“That was the day the template was cut,” is the way Hamill puts it.
You never need TiVo for a day like that.
Here’s another childhood memory from upstate New York. We lived more than five hours away from Yankee Stadium by car, and so there were years when the only big-league baseball I saw was the old exhibition game they used to play in Cooperstown on Hall of Fame weekend.One year,by sheer blessed chance, the Yankees were in that game.
Only once we were inside the little antique ballpark, it began to rain.And it wouldn’t stop raining.And before long it was endof- the-world rain, and everybody was running back to the streets of the little town, looking for some sort of cover, any sort of cover. Including my dad and me.
We managed to find an awning on Cooperstown’s main street. As we were catching our breath, soaking wet, we turned around.There, in full uniform, standing next to us in his No. 14, was Bill “Moose” Skowron. The ballplayers, it turned out, had come running to town like everybody else.
My dad is a sweet, shy, gentle man. But now he tapped Skowron on the shoulder, introduced himself, and said, “Mr. Skowron, I’d like you to meet my son,Michael.”
The big man shook my hand.
The first big leaguer I ever met.
Another door in sports opened by my dad.
He never pushed them on me.He has always loved sports, has always been passionate about his teams, but never allowed that passion to run wild. Never allowed sports to lose its wonderful place in his wonderful life. If he has passed on anything to me, it is that.
My friend William Goldman,who wrote The Princess Bride and Marathon Man, who won Oscars for Butch Cassidy and the Sundance Kid and All The President’s Men, is always talking about how he instantly finds a comfort zone in any Hollywood meeting if somebody in the room is a sports fan.
“I know we’ve got a common language,”Bill says.
I got that language from my dad. It isn’t something I remember learning, the way I remember struggling to learn Spanish or French in school.There is no day that I remember my dad sitting me down and telling me he was going to teach me the language of the infield-fly rule.We just started communicating through sports as well as we communicated through anything.
And still do.
When Jack Nicklaus came from behind to win the Masters in 1986,with his son Jackie on the bag that day, I probably called my dad ten times over the last nine holes. It was the year before my first son was born. So when the big things happened in sports, it was still my pop and me.
A year earlier, we had been in his den in New Hampshire when Doug Flutie completed that Hail Mary pass against Miami the day after Thanksgiving, the most famous pass not just in the history of his school and mine, but in all of college football.
Once more, my dad and I were in front of a television, two big kids hugging each other and doing this crazy dance in front of the set, sharing the magic of that moment, breathing in the intoxicating air in the room.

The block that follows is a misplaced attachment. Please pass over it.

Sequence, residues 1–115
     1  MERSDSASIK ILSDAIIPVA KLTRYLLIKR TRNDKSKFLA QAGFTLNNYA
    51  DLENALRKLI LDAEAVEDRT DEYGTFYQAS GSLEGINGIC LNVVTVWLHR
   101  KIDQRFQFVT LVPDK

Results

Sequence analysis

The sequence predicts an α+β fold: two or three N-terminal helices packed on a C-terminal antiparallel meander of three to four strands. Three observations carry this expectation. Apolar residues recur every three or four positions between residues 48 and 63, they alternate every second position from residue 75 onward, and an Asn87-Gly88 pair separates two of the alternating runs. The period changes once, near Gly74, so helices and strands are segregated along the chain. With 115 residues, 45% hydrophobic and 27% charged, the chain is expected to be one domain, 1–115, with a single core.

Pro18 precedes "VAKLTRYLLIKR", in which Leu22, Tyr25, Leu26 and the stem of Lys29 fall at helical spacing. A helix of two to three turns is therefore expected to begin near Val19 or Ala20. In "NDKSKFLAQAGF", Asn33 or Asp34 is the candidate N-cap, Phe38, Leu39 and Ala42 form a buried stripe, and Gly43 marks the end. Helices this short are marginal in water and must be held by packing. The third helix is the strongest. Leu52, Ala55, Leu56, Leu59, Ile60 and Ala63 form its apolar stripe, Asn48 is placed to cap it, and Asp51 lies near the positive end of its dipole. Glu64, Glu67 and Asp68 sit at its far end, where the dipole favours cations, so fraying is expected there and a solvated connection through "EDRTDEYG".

I remember Flutie on the run and the ball in the air and then Flutie sprinting down the field to celebrate with his buddy, Gerard Phelan, the guy who had somehow caught that ball. I see it now and wish I was there.
Not in the Orange Bowl.
But back in the room with my father.
So I hope you enjoy reading about fathers and sons and sports in the pages of this book. I have my memories.The writers of these pieces have their own.
Ron Reagan writes about the first time he beat his father in the swimming pool, a boy of twelve edging out his sixty-year-old dad.Poet Laureate Donald Hall writes lyrically about the simple act of playing catch with your father, and John Buffalo Mailer writes about the morning his famous father,Norman, led him to believe–at the age of three–that he had the best right-hand cross in the world.
John Ed Bradley explains the lessons he learned about football and life from his father the coach, and the great Henry Aaron dreams of making it big in sports. John Jeremiah Sullivan writes about seeking to understand his own deceased sportswriter father by looking into the man’s love of sports, particularly his love for the horse Secretariat.
And pardon my prejudice, but there is a particularly wonderful piece written by my friend Jeremy Schaap about his late father, Dick. Maybe you know this and maybe not, but I was lucky enough to have Dick Schaap as a friend and mentor for more than thirty years of my life, and then lucky enough to sit next to him on ESPN’s The Sports Reporters for more than a decade.
Besides the one next to my dad and my boys, it is the best seat I’ve ever had.
In “A Father’s Gift,” Jeremy writes about how Dick missed two of Reggie Jackson’s three home runs in Game Six of the 1977 World Series because he was off getting hot dogs and sodas for his son.
In “Holy Ground,”Wright Thompson explains the pain of losing his dad to cancer before he could deliver on a promise to share a golf trip to the Masters Tournament with him. These are only a few of the fine pieces in this book. I urge you to read them all. In the end, they will do exactly what sports does. They will make you feel and they will make you remember.
I write young adult novels now, have for years.The first was Travel Team, a book that really began for me–unexpectedly– the first time sports broke the heart of my second son, when he was cut from a seventh-grade travel team for being too small. I started a basketball team that year for all the boys who got cut, and it became one of the greatest sports experiences, one of the greatest seasons, of my life.
My son will remember that season the way all the boys on that team will remember it. But more than a season he didn’t expect to have, one that none of the boys expected to have, it was an adventure my boy and I shared together.
My newest novel, The Big Field, is built around the strained relationship between the hero and his father, a failed ballplayer. The two think the bond between them is irretrievably lost until their common love of sports helps them find the love they still have for each other.
Again: I have my own stories,my own memories, about my dad.You have yours.The writers of these stories have theirs.The language, though, the language doesn’t change. Neither does the air in the room.
Posted May 9, 2009
No text was provided for this review.